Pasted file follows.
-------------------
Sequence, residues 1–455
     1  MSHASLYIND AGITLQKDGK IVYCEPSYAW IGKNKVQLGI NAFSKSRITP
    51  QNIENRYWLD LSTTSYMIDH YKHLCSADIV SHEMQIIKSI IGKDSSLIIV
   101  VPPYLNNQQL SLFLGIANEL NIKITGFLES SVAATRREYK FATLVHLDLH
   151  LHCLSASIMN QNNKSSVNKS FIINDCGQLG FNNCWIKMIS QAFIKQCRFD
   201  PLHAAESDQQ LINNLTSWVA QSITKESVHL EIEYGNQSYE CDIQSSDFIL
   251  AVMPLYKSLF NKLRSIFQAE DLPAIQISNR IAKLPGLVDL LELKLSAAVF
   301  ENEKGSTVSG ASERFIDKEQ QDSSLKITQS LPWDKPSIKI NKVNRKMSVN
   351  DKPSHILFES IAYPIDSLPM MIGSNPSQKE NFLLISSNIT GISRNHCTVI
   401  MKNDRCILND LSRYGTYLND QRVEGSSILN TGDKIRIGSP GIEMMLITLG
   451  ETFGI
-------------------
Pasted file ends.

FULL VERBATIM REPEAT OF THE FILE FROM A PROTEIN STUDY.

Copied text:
Sequence, residues 1–455
     1  MSHASLYIND AGITLQKDGK IVYCEPSYAW IGKNKVQLGI NAFSKSRITP
    51  QNIENRYWLD LSTTSYMIDH YKHLCSADIV SHEMQIIKSI IGKDSSLIIV
   101  VPPYLNNQQL SLFLGIANEL NIKITGFLES SVAATRREYK FATLVHLDLH
   151  LHCLSASIMN QNNKSSVNKS FIINDCGQLG FNNCWIKMIS QAFIKQCRFD
   201  PLHAAESDQQ LINNLTSWVA QSITKESVHL EIEYGNQSYE CDIQSSDFIL
   251  AVMPLYKSLF NKLRSIFQAE DLPAIQISNR IAKLPGLVDL LELKLSAAVF
   301  ENEKGSTVSG ASERFIDKEQ QDSSLKITQS LPWDKPSIKI NKVNRKMSVN
   351  DKPSHILFES IAYPIDSLPM MIGSNPSQKE NFLLISSNIT GISRNHCTVI
   401  MKNDRCILND LSRYGTYLND QRVEGSSILN TGDKIRIGSP GIEMMLITLG
   451  ETFGI